Bone stock with 3846 miles
 

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I know Cat has warrantied some for the cracks. Ask your dealer(shouldn't have to ask) to get on the horn and go to bat for you with Cat.
 

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I know Cat has warrantied some for the cracks. Ask your dealer(shouldn't have to ask) to get on the horn and go to bat for you with Cat.
He's doing that , I was just curious if anyone had any experience with this situation.
 

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Discussion Starter #99
You have to "push" the issue with your dealer. Even as of now, Cat is not admitting there's a problem. About 4 weeks ago, the Consumer Product Safety Committee contacted me and told me they have now officially submitted a formal complaint to Cat about Team clutches cracking.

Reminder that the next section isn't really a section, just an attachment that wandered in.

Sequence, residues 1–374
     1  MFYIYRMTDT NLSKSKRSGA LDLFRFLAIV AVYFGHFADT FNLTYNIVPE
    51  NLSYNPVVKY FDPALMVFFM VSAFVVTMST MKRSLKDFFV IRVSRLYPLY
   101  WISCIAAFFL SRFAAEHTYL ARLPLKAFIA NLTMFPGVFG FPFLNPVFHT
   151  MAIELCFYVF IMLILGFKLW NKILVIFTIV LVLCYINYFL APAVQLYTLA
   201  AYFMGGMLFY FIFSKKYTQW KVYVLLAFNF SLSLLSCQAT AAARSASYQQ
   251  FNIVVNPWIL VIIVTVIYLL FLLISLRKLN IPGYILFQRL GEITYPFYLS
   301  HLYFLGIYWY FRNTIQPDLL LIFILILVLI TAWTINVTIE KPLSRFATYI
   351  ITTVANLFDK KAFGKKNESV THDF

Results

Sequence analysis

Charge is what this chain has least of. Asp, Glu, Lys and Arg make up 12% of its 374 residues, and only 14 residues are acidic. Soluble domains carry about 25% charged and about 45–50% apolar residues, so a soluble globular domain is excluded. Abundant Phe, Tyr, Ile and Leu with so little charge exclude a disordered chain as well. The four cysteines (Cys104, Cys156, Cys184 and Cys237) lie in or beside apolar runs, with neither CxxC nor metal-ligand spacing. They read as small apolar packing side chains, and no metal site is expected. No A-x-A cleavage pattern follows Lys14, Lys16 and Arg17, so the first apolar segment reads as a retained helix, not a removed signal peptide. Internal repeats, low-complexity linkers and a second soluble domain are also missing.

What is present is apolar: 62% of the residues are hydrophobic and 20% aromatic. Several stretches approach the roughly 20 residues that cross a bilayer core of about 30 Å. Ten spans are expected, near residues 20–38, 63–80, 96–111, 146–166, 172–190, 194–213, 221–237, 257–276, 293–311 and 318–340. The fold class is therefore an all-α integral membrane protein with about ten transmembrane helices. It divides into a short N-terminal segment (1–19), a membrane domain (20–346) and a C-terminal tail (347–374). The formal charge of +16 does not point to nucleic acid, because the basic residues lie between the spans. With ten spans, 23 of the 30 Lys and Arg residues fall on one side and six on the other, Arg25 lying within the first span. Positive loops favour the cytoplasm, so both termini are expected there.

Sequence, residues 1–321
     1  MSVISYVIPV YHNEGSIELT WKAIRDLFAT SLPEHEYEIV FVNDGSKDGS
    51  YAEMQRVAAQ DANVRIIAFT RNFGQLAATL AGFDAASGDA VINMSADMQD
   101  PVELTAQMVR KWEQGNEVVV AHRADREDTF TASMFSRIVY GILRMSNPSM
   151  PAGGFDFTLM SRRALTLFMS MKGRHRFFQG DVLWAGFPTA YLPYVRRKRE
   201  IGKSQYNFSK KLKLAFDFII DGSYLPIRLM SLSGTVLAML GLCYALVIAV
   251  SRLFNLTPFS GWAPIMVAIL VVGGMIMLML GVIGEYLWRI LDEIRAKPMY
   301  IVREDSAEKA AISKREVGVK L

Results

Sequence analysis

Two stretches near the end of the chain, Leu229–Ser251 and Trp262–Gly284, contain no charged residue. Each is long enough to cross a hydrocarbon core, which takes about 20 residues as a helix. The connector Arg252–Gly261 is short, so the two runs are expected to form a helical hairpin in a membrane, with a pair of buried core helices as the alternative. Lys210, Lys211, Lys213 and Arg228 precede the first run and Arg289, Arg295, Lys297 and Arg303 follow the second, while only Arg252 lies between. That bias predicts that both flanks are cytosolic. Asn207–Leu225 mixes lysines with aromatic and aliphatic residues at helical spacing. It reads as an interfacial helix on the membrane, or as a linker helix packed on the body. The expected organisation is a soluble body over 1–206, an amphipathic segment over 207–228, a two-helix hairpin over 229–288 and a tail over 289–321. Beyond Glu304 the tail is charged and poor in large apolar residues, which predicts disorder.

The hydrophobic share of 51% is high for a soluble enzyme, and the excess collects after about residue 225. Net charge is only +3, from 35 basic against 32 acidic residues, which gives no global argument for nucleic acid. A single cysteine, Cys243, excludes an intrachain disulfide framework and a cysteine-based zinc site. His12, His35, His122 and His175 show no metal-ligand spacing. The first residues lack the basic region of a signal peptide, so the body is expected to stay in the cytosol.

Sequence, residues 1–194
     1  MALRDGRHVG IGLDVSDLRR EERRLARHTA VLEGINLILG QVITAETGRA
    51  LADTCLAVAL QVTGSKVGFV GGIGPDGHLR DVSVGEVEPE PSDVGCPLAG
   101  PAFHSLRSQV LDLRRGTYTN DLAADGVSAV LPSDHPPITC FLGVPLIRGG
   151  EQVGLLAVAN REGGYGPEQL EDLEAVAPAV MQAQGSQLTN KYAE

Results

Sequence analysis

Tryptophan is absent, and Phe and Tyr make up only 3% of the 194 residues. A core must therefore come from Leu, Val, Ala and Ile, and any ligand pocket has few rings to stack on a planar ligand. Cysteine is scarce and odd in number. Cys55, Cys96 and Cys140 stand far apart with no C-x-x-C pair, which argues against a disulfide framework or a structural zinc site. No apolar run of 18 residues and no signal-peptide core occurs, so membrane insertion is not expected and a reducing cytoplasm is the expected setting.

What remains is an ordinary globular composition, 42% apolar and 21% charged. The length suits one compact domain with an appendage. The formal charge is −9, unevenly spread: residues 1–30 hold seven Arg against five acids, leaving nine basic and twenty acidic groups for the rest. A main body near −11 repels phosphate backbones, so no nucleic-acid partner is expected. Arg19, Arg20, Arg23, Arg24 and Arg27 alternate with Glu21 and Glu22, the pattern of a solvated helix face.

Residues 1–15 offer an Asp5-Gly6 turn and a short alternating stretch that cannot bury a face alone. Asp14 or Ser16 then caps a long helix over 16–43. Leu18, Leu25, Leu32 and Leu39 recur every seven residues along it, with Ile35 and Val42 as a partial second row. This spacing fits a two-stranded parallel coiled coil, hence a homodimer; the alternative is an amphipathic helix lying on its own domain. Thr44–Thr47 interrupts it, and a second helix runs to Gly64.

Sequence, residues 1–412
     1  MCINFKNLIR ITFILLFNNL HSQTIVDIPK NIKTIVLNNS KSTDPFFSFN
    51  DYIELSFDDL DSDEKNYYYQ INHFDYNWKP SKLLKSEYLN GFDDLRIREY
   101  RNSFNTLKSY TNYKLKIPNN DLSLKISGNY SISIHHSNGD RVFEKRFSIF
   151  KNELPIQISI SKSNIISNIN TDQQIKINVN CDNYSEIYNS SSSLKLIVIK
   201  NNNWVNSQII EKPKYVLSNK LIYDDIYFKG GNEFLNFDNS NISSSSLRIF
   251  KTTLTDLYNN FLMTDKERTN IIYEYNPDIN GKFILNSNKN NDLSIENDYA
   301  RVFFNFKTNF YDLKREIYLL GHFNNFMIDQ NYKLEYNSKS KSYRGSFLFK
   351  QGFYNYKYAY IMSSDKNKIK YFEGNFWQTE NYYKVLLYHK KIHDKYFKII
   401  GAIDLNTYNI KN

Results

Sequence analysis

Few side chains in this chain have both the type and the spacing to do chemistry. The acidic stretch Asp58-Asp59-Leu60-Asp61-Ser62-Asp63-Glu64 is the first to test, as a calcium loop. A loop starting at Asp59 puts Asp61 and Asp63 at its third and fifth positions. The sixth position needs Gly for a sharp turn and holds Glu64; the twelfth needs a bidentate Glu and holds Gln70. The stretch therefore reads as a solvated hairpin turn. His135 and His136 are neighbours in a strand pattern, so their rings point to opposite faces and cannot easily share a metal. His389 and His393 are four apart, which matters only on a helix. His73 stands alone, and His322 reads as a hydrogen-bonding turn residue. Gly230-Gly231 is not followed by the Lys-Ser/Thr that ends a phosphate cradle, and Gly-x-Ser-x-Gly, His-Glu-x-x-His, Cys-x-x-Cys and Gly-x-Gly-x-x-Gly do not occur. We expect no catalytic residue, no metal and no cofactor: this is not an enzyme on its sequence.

My clutch was replaced under warranty by my dealer AFTER I went there and showed him the CPSC paperwork. While this complaint goes back to 2017, it is still very much valid. Cat does have a problem but is still trying to deny fault.
Print and show your dealer this CPSC complaint. They should replace your clutch under warranty. That said, unfortunately, they will replace it with a new Team clutch that is the same as your original and it too will crack in time. Try not to do stop and start riding allot. Try to keep sled moving.
Attached is .pdf file for Consumer Product Safely Committee clutch recall alert for cracking Team clutches.